Things are sort of dull around the Music Monday composing room, so for the next few weeks the cracked editorial staff has decided on a new feature for the day:
The artwork of David Stone Martin on record covers.
One exciting work of art (called Illustration by some) will be presented here each week until they run out. Most scans are from the editor's personal library and the original copyrights apply.
They are presented here for admiration and educational purposes only.
The second two are not signed but are generally attributed to David Stone Martin.
October 13 in 1909 Art Tatum was born. Next Thursday is his birthday. Did you send a card? You didn't send one to Buddy Rich either. I am beginning to suspect.
David Stone Martin apparently did art work for several Art Tatum Albums. Pictured are four. The artwork was often repeated on reissues using different layouts and backgrounds.
Arthur "Art" Tatum, Jr. (October 13, 1909 – November 5, 1956) was an American jazz pianist and virtuoso. He was noted for his extremely fast runs despite being nearly blind.
Tatum is widely acknowledged as one of the greatest jazz pianists of all time. Critic Scott Yanow wrote, "Tatum's quick reflexes and boundless imagination kept his improvisations filled with fresh (and sometimes futuristic) ideas that put him way ahead of his contemporaries ...
Art Tatum's recordings still have the ability to scare modern pianists."
In 1925, Tatum moved to the Columbus School for the Blind, where he studied music and learned braille. Subsequently he studied piano with Overton G. Rainey at either the Jefferson School or the Toledo School of Music. Rainey, who too was visually impaired, likely taught Tatum in the classical tradition, as Rainey did not improvise and discouraged his students from playing jazz. In 1927, Tatum began playing on Toledo radio station WSPD as 'Arthur Tatum, Toledo's Blind Pianist', during interludes in Ellen Kay's shopping chat program and soon had his own program.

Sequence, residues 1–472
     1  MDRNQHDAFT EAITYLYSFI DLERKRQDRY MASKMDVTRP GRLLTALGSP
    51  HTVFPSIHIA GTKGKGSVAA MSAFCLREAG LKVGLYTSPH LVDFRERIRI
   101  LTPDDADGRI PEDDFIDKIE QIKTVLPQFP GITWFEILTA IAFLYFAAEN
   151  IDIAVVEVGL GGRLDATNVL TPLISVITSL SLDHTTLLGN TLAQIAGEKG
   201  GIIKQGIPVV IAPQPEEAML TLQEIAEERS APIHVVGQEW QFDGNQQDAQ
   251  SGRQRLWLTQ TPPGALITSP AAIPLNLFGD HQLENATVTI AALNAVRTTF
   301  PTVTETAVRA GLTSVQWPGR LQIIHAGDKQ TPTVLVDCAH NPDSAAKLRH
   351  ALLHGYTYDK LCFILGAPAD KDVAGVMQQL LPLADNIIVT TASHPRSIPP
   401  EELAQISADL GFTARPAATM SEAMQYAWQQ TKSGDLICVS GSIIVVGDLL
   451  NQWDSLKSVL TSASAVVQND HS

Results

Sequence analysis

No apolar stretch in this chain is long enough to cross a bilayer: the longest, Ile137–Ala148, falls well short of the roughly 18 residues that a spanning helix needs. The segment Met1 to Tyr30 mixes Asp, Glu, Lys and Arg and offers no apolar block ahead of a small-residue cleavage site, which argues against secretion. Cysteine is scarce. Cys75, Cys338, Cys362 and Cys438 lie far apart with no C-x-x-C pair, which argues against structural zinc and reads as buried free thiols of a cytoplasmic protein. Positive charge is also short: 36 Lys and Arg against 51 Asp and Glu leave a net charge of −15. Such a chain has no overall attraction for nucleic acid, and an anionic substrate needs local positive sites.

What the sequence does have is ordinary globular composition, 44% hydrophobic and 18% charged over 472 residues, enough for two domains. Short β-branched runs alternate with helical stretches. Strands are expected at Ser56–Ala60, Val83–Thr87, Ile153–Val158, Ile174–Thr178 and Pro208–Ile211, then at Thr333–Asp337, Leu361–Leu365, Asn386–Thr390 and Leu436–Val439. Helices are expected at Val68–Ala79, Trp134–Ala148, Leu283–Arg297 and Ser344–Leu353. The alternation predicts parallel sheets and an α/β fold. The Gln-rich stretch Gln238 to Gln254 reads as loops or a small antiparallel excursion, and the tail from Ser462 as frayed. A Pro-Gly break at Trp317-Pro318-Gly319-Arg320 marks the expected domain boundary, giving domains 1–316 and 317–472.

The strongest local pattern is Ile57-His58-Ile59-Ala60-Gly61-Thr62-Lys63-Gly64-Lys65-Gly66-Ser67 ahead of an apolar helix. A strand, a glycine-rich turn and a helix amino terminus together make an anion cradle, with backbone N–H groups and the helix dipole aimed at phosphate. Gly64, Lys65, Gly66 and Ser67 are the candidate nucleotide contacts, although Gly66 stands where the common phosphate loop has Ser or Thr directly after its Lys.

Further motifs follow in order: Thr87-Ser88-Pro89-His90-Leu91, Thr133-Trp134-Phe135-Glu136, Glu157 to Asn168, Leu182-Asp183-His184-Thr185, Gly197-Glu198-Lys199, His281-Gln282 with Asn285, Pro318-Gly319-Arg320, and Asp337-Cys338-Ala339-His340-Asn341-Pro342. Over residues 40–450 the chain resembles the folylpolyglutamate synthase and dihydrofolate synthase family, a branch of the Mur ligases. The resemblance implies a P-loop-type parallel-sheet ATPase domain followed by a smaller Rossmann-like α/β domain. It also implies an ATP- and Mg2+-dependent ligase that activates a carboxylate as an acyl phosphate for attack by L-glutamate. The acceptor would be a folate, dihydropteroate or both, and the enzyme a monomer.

By the age of 19, Tatum was playing with singer Jon Hendricks, also an Ohioan, at the local Waiters' and Bellmens' Club.
As word of Tatum spread, national performers, including Duke Ellington, Louis Armstrong, Joe Turner and Fletcher Henderson, passing through Toledo would make it a point to drop in to hear the piano phenomenon.
Tatum tended to work and to record unaccompanied, partly because relatively few musicians could keep pace with his fast tempos and advanced harmonic vocabulary. Other musicians expressed amazed bewilderment at performing with Tatum. Drummer Jo Jones, who recorded a 1956 trio session with Tatum and bassist Red Callender is quoted as quipping, "I didn't even play on that session [...] all I did was listen. I mean, what could I add? [...] I felt like setting my damn drums on fire."
Buddy DeFranco said that playing with Tatum was "like chasing a train.
Tatum said of himself: "A band hampers me."
Tatum did not readily adapt or defer to other musicians in ensemble settings. Early in his career he was required to restrain himself when he worked as accompanist for vocalist Adelaide Hall in 1932-33. Perhaps because Tatum believed there was a limited audience for solo piano, he formed a trio in 1943 with guitarist Tiny Grimes and bassist Slam Stewart, whose perfect pitch enabled him to follow Tatum's excursions. He later recorded with other musicians, including a notable session with the 1944 Esquire Jazz All-Stars, which included Louis Armstrong, Billie Holiday and other jazz greats, at the Metropolitan Opera House in New York City. He also recorded memorable group sessions for Norman Granz in the mid-1950s.